Samuel Polk is another one of those characters I made up to fill a specific role. I needed another teenager who could drive, and so I named him Samuel. Now, you may be wondering why I had a character named Sam in Across the Stars, and a Samuel in The Experiment. I obviously like the name, but why? That can be answered in two words: Samwise Gamgee. He is my favorite character from Lord of the Rings, and so I started to like his name. I can't very well go around naming my characters Samwise, so I decided on a different name that can have Sam for a nickname. So Audrey called him Samuel.
At one point in the story, I decided to write a chapter about Samuel, simply because I didn't know what would happen next to the Raingolds. To do this, though, Samuel needed siblings. I have a little notebook full of fictional families I've made up, and so I looked through that to find a Samuel that would suit the part. I couldn't find very many Samuels, but I did find one family that had one with several older siblings, a twin sister, and a younger brother and sister who were twins. These were the Polks. I decided to use this family with a few alterations. For one thing, I never mention whether or not there are any older siblings. For another, I changed the ages of the girls so there were no twins. Then I had the Polks as can be known from The Experiment: Samuel, Samantha, Timmy, and Tabby.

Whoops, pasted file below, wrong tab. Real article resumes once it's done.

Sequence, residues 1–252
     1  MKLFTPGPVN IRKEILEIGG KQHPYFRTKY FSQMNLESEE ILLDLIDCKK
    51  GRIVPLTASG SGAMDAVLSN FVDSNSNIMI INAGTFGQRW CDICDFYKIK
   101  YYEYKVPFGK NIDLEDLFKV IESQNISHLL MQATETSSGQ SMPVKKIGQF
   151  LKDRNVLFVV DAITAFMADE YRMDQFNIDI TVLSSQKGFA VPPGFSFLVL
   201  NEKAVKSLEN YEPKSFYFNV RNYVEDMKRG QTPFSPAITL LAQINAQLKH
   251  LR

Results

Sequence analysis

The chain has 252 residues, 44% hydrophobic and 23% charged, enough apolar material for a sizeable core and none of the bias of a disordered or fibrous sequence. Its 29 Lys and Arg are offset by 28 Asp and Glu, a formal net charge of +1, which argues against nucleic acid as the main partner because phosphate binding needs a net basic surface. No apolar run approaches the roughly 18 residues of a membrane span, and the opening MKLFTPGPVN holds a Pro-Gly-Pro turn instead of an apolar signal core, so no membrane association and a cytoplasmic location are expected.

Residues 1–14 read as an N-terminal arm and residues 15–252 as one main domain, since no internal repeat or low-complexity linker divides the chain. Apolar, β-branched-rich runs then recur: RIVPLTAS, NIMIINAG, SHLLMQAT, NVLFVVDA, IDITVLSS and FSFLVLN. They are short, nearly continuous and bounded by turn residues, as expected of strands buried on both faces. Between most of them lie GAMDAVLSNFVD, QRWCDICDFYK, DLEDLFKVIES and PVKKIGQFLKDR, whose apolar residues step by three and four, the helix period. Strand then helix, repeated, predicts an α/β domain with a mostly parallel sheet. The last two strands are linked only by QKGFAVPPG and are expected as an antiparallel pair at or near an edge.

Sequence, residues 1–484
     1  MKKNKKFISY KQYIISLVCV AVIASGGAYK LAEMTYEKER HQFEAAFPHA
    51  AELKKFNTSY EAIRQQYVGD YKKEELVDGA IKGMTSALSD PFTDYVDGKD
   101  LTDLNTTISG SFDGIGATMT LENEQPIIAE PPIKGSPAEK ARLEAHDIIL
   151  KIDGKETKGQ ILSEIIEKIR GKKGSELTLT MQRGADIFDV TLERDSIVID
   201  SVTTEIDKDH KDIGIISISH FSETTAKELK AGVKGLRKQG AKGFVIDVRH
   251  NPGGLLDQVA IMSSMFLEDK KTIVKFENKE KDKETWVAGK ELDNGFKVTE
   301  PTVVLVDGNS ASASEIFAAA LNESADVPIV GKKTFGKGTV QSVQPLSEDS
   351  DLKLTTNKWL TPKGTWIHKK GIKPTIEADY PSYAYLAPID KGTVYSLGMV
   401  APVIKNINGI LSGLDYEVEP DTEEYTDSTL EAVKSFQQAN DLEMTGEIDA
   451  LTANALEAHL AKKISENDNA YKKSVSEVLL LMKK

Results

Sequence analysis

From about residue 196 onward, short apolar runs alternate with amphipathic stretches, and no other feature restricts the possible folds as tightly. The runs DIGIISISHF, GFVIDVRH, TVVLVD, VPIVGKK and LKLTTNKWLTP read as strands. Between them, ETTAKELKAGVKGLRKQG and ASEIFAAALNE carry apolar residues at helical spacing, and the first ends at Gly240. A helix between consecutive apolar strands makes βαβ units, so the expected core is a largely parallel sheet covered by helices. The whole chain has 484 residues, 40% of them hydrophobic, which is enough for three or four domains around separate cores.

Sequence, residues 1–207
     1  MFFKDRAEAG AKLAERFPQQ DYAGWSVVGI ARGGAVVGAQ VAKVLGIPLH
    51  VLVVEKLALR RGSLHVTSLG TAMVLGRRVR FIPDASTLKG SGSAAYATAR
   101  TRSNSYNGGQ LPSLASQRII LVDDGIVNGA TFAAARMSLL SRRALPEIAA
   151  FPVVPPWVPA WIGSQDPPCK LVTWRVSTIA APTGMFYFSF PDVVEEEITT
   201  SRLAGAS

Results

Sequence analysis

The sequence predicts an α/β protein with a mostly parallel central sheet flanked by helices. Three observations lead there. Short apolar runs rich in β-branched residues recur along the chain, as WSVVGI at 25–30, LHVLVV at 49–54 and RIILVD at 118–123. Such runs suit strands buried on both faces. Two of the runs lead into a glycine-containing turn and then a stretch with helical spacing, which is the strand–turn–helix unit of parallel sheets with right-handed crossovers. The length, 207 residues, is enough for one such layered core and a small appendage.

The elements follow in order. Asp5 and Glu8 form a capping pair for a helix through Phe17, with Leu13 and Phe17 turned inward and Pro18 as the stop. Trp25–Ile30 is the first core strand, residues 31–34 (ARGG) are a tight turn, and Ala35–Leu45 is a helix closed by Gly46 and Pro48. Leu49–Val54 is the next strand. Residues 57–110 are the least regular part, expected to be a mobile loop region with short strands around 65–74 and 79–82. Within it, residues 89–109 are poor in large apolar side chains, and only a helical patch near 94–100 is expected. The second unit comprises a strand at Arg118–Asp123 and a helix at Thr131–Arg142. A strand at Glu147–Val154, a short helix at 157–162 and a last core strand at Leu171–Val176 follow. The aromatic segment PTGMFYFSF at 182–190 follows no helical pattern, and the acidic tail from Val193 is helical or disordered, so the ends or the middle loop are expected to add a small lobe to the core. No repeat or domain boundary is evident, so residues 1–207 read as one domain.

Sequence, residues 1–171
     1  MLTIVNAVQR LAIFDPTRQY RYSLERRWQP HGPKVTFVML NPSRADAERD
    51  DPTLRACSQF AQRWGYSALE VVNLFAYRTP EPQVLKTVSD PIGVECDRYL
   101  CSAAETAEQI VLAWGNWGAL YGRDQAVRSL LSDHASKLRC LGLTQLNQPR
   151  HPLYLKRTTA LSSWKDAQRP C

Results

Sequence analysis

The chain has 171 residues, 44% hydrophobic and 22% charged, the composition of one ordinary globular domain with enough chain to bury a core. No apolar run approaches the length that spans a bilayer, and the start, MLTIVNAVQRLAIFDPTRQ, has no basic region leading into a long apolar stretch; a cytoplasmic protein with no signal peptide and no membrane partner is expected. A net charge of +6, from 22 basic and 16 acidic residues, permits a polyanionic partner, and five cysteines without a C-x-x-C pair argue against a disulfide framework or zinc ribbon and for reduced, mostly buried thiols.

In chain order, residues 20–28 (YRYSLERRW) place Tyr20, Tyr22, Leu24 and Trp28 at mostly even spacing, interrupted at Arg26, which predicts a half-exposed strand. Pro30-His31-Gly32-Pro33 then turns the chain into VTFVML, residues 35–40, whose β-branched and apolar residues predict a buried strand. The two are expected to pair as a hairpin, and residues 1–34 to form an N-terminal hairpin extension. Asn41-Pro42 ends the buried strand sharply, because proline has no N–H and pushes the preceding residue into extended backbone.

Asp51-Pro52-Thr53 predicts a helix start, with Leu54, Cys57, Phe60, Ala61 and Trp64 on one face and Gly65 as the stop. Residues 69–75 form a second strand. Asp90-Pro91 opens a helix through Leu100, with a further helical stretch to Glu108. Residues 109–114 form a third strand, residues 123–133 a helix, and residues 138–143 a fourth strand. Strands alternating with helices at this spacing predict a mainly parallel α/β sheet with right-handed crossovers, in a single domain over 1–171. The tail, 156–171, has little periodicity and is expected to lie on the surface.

Their part in the story expanded slightly from the tiny chapter I wrote while stalling the Raingold part. Their chapter doubled in length, and Tabby had a role to play at Courtstone. Their main role, however, is to show that these events are happening to others, and to expand the Raingolds' acquaintance. And that role they fulfill very well.
Finally I come to the Raingolds! I don't see why I always seem to pick last names for my main characters that come so far down in the alphabet. The Raingolds were a family I made up based on my own family except with extra kids, namely two little brothers. I made up random stuff about them for a while, but I really wanted a story to put them in. However, I couldn't come up with a good one. Then I had the dream which inspired what I then called Stand Fast, and decided to put them in it. It was a perfect fit, though the finished story is considerably different.
Audrey Raingold is the oldest, and somewhat based on me. She does tend to be somewhat bossy, and likes little kids. The muffin batter she mentions dumping on the inside of the oven is a true story. And I also found a beetle's exoskeleton inside of the frog I dissected for biology. Audrey is a lot braver than me, though. She is responsible, but she doesn't really want to be in charge. I suppose this is somewhat like me. I am capable of leading if I absolutely have to, but I hate doing it. Honestly, I think Audrey handled the whole situation better than I would have.
Ginnie was inspired by my sister Rebekah, but I think Ginnie came out even quieter than my sister. Ginnie is mostly just there, to support the others without obtruding into the story. Her relationship with Carrie Pauley as piggyback ride giver is taken from real life. "Carrie" did always get Rebekah to give her piggyback rides, and she did tell Bekah to jump over things, saying, "I won't fall off. I promise."